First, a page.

Sunderland killer's dream Hartlepool United debut helped clinch Premier League move home
Killer Paul Conlon enjoyed the type of footballing debut that most professional players can only dream about.
Conlon, who is beginning a jail sentence of 11 years and 10 months after admitting the Christmas manslaughter of his father, Harry, scored after just 93 seconds of his first competitive start for Hartlepool United in their 4-1 Division Three victory over Leyton Orient just over a quarter of a century ago.
Fresh from excelling at youth level, the second-year trainee looked “far from overawed” as he quickly used both feet to jink past four opponents on a muddy Victoria Park surface in February 1996.
Then, as the Hartlepool Mail’s match report noted, “Conlon unleashed a tricky low 20-year shot which was placed just out of the reach of keeper Ron Fearon”.
The goal inspired both Pools and 18-year-old Conlon as “the teenager seized every opportunity to run at defenders”.
Voted man of the match by the paper after his “dream start”, he was praised by manager Keith Houchen for giving the team “something different” following a five-match winless run.
He also kept his starting place for an away derby clash at Darlington just three days later.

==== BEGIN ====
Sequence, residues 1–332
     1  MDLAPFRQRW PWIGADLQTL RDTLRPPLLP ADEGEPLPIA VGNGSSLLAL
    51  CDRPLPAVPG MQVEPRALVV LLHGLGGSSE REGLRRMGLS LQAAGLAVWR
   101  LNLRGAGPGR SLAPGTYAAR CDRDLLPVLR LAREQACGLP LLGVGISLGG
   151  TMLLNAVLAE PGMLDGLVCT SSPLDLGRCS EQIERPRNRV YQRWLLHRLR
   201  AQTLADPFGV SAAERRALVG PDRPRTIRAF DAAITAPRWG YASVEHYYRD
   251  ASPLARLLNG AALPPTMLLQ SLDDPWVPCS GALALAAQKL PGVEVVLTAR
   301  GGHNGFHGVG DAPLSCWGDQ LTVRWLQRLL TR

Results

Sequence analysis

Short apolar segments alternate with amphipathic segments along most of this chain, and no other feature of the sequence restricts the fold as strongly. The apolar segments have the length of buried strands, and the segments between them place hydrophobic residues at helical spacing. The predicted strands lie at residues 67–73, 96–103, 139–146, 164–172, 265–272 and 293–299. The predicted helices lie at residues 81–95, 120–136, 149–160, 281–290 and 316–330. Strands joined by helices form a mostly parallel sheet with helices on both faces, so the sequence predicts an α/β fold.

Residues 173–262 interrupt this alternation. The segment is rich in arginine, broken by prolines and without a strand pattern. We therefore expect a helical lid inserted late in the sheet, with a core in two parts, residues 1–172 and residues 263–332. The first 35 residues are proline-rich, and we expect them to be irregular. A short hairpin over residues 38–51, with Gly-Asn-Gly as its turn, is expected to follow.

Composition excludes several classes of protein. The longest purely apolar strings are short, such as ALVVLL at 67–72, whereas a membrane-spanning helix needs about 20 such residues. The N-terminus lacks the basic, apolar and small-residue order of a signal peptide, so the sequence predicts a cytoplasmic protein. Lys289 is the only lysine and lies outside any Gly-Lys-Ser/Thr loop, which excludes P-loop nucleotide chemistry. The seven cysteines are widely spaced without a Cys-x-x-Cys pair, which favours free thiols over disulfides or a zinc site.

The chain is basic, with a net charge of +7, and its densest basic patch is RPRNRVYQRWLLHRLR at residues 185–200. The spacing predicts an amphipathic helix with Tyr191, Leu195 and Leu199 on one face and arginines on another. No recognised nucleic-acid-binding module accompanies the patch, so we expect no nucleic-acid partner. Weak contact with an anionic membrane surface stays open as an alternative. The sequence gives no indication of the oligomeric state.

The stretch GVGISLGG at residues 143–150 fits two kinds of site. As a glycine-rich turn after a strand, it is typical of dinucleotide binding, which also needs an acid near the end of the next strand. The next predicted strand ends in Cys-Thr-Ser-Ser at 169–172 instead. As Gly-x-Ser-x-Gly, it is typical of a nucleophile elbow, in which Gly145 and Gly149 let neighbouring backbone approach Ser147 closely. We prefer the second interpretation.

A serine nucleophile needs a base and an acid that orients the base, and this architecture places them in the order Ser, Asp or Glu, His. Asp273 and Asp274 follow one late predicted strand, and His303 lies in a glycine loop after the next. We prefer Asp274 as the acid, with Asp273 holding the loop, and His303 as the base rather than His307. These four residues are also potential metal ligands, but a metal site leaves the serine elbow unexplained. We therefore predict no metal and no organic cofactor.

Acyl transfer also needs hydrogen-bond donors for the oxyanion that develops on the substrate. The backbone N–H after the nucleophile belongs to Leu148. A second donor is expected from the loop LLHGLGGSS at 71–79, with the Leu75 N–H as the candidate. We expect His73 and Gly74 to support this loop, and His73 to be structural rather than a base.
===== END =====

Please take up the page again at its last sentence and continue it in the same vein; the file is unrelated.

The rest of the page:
Substituted during a 1-0 defeat, he had still impressed enough to become a regular first-team starter in the remaining three months of another dismal Pools season.
Scouts from higher up football’s food chain, however, inevitably began to monitor his progress.
Ending the campaign with four league goals from 11 starts, Conlon secured a move to home city club Sunderland – newly-promoted for the first time to the Premier League – in disputed circumstances after the Black Cats were accused of exploiting a contractual loophole to sign him for free.
A top-flight career and its associated financial rewards beckoned.
A year later, however, he was released without making a single first team appearance and briefly joined Doncaster Rovers before descending into non-league football.
By 2004, when his professional footballing career could potentially have been at its peak, he was banned for life by Durham Football Association for striking a referee during a local league match.
A 2013 domestic violence conviction would follow before the tragic events of Christmas Eve last year in his parents’ Sunderland home ultimately resulted in the death of his father and this week’s inevitable jail term.